I built my house 3 years ago and got into SmartThings a year and a half ago or so. Hindsight is 20/20…there are a bunch of things I would done differently not only with home automation but just the house in general (better outlet placement, more outlets, extra circuits run to things like the garage, Ethernet throughout the house, etc). But as far as HA goes I would have put hardwired sensors on everything (doors, windows, etc) I could and brought them all in using ST_anything ([RELEASE] ST_Anything v2.9 - Arduino/ESP8266/ESP32 to ST via ThingShield, Ethernet, or WiFi). All my lights would be on GE dimmers, all the ceiling fans would be GE 3 speed fan switches, the lights I didn’t “care” about would be Leviton paddles that match the GE’s nicely. I’d probably get Aeotec for motion because the “new” SmartThing ones arn’t very good (the old ones which I still have some of are great). I’d also hardwire security cams, ones that run on PoE (like Lorex or similar) so I could just run Cat 6 Ethernet to their locations.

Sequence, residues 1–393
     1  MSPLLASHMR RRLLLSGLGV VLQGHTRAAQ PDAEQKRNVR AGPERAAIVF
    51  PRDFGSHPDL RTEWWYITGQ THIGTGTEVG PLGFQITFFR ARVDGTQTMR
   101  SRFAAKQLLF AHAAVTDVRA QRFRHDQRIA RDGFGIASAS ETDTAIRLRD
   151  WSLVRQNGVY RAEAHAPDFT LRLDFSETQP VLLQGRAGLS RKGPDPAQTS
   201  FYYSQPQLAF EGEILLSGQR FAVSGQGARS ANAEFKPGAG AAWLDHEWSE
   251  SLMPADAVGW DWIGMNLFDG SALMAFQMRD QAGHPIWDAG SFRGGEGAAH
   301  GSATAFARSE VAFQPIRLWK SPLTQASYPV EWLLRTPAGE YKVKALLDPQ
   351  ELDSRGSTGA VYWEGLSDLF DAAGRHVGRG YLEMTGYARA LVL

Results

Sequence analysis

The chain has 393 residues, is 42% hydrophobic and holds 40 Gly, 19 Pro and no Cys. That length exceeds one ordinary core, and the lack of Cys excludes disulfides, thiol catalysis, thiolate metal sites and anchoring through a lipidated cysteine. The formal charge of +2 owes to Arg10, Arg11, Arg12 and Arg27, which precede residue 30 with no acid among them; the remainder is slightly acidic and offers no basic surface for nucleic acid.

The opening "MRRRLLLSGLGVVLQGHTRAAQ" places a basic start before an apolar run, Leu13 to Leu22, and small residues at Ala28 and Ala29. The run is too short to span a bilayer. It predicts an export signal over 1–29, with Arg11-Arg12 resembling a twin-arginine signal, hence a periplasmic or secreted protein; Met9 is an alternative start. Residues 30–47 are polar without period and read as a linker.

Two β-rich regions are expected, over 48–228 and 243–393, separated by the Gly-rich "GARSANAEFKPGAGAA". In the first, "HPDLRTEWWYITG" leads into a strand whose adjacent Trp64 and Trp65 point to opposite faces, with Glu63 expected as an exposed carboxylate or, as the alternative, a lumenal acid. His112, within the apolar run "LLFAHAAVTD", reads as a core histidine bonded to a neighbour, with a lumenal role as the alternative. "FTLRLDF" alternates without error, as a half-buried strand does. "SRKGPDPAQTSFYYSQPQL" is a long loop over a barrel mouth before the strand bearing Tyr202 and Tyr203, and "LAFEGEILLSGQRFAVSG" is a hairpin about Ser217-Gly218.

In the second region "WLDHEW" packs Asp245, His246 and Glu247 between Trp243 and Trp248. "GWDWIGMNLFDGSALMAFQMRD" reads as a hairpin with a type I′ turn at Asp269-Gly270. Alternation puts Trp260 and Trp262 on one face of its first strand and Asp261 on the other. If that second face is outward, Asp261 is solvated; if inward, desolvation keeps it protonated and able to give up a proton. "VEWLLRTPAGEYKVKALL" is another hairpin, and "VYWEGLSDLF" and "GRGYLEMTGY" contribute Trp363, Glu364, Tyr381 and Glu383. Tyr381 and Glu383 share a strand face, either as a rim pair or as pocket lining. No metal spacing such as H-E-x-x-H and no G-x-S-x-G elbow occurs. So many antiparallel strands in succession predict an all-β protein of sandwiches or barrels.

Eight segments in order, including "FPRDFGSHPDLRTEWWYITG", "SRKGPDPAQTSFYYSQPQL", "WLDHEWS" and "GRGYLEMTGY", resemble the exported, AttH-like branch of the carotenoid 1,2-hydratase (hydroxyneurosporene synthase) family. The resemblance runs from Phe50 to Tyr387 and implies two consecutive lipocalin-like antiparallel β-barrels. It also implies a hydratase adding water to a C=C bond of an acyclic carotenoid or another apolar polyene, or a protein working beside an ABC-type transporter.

As far as lights themselves are concerned I’ve been pretty happy with the Cree 65w 6" retrofit downlights. Also using the Phillips 40 and 60w “warm glow” candelabra bulbs in all my ceiling fans. Not as happy with those…with the GE dimmers they sometimes don’t turn on. Or more specifically they turn on and instantly off even though the GE switch is on. I blame the switch more but I don’t ahve the issue with the Cree bulbs and the same switch. I think it has something to do with the older GE dimmers slowly ramping up the lights from 0% to the last known value. The new Z-Wave Plus GE dimmers when switched on go straight to the output without ramping up so I’m going to try a couple of those and if the problem goes away (I think it will) I’ll put those in for my ceiling fan lights and move those switches to others I haven’t replaced yet. If the problem still happens I’ll switch out the Phillips bulbs for something else. Just a little harder to find the small candelabra bases.